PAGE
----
“To translation-as-communication he adds the translator as a decision-making agent. He points to the relevance of historically contingent concepts of translation for the practice of translating in a given period. He emphasizes the importance of prevailing attitudes towards translation as the backdrop to practical norms of translating.”
Theo Hermans, University College of London (1999: 24), Translation in Systems
“Jiří Levý´s Czech monograph was the most helpful Slavic book. Thoroughly grounded in Western European as well as Slavic translation theory and practice, it is far more erudite and sophisticated than any of the Soviet sources.”
Maurice Friedberg, University of Illinois at Urbana-Champaign (1997: 73), Literary Translation in Russia
“The Editor’s Introduction contains a maximum of potential relevant information on Levý´s significance, his theory and work. Also elaborated are items such as Czech structuralism, the original – translation relationship, the translation process, translativity as a category. Described is the complex genesis of the book as well as its prior reception in international TS. There are many books bearing the same title, in many languages (e.g. by Chukovsky, Dedecius, Savory), but Levý´s Art is a unique work. It has been made accessible to the world public by P. Corness, erudite translator and Slavist, under the editorship of Z. Jettmarová, prominent Czech translation scholar enjoying international repute in TS circles. To me, this publication is the most cherished and significant event in Czech TS since the first publication of Umění překladu in Czech. Some things do take their due time and course. Z.Jettmarová´s long-standing research and scholarly work may have, besides her other relevant outputs, born an unprecedented fruit. Thanks to the initiated editorial foreword, The Art of Translation shall probably become a contribution not only for TS scholars in their search of a metatheory. Also Czech enthusiasts, knowing „their“ Czech version, may indulge in a comparison of interpretations or in detecting some planned deviations (e.g. differences in exemplifications). Most importantly, this edition is both a gift and a task (in the sense of the German Gabe und Aufgabe) for the discipline and profession alike. As Karel Hausenblas, the editor and translator of the 1983 Czech version, said, any following work in TS had to be measured up to Jiří Levý´s work. Now, it may be other works that will be compared to and seen through the universally accessible Levý.”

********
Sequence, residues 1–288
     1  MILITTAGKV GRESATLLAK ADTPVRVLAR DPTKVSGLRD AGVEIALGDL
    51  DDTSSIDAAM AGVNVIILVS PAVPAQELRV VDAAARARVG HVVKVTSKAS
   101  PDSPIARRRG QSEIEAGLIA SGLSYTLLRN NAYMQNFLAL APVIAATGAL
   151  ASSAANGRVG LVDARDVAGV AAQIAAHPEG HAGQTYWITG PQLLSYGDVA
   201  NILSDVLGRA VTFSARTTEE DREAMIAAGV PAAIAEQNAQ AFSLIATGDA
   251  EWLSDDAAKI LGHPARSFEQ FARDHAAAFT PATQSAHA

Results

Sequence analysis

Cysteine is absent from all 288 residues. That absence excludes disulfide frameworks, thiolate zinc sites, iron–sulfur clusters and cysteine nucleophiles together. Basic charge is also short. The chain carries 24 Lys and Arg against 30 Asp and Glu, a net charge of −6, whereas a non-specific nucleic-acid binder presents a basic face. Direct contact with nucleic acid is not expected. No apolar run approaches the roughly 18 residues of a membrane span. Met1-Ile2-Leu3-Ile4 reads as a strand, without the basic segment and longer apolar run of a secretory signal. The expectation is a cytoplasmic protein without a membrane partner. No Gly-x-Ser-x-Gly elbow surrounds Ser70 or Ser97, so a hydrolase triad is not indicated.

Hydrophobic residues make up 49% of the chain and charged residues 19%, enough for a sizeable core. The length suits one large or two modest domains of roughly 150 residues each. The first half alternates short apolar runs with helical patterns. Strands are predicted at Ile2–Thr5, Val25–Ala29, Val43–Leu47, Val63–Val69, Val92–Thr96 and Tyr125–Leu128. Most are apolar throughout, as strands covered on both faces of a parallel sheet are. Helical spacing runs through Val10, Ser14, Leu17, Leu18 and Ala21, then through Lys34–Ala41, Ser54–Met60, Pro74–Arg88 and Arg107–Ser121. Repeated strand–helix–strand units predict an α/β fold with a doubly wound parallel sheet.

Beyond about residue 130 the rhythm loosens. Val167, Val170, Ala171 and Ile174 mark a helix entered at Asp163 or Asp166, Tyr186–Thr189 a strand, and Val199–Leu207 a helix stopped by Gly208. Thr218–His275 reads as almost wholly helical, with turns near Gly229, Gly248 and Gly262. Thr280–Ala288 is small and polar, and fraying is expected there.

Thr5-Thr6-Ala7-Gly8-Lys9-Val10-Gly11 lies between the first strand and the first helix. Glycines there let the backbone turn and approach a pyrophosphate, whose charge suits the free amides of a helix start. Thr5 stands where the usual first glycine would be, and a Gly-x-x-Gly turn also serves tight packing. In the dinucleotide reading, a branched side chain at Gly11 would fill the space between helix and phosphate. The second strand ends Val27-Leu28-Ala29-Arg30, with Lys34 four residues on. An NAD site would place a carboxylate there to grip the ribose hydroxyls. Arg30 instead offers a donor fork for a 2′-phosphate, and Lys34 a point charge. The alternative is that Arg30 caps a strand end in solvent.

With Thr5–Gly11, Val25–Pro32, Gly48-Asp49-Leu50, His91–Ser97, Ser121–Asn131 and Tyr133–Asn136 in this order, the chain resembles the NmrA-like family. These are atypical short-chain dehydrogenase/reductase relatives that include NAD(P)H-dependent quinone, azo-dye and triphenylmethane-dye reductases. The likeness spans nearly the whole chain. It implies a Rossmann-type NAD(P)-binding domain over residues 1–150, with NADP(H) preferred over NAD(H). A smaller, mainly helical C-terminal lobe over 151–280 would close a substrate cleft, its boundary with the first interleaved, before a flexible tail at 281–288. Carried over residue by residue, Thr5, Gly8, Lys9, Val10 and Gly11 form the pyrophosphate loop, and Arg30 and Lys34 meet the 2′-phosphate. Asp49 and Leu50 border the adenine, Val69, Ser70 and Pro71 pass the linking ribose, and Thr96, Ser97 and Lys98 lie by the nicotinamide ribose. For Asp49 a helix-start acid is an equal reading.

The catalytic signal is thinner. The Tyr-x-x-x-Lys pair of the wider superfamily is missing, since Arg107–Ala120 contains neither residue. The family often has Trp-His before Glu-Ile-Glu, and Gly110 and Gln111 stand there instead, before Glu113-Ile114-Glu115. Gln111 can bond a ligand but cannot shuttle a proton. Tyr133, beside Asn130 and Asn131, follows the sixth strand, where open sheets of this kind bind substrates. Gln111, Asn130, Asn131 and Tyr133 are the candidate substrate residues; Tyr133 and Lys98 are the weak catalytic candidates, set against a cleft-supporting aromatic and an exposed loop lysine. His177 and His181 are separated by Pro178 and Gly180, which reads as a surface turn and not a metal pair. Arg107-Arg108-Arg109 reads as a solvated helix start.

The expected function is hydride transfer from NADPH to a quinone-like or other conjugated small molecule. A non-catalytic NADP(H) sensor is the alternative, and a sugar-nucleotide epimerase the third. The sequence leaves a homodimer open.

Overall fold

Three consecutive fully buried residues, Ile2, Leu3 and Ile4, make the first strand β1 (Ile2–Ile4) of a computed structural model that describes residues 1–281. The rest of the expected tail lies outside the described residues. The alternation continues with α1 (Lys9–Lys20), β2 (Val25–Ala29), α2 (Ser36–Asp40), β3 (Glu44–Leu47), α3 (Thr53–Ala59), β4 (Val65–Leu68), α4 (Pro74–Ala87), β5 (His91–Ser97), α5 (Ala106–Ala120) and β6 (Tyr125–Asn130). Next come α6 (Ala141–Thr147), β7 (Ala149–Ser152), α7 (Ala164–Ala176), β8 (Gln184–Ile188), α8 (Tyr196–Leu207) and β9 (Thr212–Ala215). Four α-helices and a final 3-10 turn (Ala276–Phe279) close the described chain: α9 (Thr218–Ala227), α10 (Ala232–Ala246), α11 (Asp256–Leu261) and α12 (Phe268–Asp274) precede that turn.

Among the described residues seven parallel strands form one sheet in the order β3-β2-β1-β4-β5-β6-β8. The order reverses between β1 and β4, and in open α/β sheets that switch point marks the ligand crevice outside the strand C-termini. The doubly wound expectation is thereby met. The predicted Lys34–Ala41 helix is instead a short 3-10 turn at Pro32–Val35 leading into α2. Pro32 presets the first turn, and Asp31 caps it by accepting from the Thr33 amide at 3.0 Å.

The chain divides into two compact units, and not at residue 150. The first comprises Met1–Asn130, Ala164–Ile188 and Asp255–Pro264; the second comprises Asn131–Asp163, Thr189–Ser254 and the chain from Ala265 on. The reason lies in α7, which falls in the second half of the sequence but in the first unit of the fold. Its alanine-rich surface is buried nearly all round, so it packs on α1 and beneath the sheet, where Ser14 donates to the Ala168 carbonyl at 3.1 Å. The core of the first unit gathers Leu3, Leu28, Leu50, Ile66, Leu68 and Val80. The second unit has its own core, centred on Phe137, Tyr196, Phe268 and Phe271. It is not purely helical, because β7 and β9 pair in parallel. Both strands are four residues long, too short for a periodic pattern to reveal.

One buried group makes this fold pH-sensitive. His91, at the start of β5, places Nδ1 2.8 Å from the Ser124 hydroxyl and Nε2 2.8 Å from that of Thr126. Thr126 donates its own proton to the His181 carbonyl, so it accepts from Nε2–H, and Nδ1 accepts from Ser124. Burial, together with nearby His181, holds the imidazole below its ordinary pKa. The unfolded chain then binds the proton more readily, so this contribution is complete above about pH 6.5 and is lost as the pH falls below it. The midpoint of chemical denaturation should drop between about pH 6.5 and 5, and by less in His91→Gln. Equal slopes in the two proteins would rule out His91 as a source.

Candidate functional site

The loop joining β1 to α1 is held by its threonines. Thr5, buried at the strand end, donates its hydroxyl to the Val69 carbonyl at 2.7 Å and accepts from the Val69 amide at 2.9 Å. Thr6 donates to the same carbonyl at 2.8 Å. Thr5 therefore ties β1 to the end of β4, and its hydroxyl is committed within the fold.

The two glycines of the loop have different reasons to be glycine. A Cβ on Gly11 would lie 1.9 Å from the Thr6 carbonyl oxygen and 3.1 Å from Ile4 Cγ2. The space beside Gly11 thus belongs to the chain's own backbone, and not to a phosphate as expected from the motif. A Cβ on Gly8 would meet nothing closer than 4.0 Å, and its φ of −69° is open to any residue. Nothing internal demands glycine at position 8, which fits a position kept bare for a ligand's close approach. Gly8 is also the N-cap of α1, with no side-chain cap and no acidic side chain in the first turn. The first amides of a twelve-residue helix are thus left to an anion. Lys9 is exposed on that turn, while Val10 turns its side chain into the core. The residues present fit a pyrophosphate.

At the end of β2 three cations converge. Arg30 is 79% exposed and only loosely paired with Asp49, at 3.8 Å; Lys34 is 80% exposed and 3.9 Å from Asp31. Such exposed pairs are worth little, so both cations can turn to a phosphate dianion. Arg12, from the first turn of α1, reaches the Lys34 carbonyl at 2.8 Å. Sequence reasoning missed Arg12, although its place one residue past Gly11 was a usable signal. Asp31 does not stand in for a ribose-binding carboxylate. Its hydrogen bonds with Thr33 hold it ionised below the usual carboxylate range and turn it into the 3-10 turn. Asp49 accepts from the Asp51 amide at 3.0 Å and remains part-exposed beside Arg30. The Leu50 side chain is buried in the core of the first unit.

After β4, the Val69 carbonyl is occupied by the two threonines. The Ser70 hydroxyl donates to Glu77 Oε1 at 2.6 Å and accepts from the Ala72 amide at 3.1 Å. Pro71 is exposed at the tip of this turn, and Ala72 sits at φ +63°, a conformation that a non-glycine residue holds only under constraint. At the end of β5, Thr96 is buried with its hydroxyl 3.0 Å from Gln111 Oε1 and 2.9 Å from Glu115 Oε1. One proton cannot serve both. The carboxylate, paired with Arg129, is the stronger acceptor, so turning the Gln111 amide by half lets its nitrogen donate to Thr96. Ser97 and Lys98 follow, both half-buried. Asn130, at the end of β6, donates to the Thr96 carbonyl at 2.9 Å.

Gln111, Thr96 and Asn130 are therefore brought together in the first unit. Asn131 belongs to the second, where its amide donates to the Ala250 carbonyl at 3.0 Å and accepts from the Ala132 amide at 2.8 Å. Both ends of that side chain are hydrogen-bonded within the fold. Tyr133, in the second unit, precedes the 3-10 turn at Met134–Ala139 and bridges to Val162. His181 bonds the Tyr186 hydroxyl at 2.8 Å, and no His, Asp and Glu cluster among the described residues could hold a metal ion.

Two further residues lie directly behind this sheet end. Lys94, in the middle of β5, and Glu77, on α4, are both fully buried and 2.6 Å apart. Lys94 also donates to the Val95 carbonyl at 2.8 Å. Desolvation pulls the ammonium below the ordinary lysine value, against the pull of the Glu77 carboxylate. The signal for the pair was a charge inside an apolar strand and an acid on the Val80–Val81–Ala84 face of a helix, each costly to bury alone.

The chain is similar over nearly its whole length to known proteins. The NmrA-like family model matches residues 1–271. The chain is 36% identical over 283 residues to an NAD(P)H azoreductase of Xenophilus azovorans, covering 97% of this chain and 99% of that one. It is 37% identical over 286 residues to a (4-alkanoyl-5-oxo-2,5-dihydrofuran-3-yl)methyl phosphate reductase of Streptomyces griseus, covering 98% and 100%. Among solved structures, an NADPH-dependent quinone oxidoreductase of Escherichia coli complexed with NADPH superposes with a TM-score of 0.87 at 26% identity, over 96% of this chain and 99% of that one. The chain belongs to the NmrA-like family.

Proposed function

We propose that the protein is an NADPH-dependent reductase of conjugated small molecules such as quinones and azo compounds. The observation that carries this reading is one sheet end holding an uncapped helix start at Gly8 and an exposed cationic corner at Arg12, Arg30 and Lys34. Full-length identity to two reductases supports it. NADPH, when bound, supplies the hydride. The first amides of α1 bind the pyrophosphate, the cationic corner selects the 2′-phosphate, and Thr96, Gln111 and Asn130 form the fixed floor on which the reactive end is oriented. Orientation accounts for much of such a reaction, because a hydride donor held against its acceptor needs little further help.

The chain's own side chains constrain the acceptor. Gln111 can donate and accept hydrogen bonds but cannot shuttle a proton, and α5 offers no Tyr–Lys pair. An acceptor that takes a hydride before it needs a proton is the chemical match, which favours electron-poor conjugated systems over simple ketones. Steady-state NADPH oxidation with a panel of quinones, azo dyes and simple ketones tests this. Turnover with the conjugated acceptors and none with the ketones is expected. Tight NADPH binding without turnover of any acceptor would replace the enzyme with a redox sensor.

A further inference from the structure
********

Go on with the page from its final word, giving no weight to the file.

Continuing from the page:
Tomáš Svoboda (translated by Zuzana Jetmarová), in ToP, 103/2012
“[...] the book proves to be valuable to translators, researchers, students and teachers in the field of Translation and Literary Studies who could not read the Czech or the German version of the book. The English version of Levý’s book will be a major contribution to our understanding of the extent to which translation studies emerged as a new academic field in the twentieth century.”
Adina Nicolae, UPG Ploieşti, in Word and Text. A Journal of Literary Studies and Linguistics Vol. II, Issue 2 December 2012
“Jiří Levý’s The Art of Translation is finally available in English. That, in itself, is good news for any translation scholar who reads neither in Czech nor in German. Although it appears in English almost 50 years after its first Czech edition was published, the book has lost surprisingly little of its relevance. [...] The Art of Translation ought not only to be on every translation scholar’s bookshelf. It should also be read.”
Jaroslav Špirk, Charles University, Prague, in Target Vol. 26:3 (2014)
“Patrick Corness and Zuzana Jettmarová should be commended not only for bringing Levý to an English readership, but also for enacting what Levý envisaged: an informed, erudite translation and introduction, that engages with and reveals theories important to the history of translation theory and contemporary Translation Studies.”
Michelle Woods, SUNY New Paltz, in TTR – Traduction, terminologie et rédaction, Vol. 25.2, 2012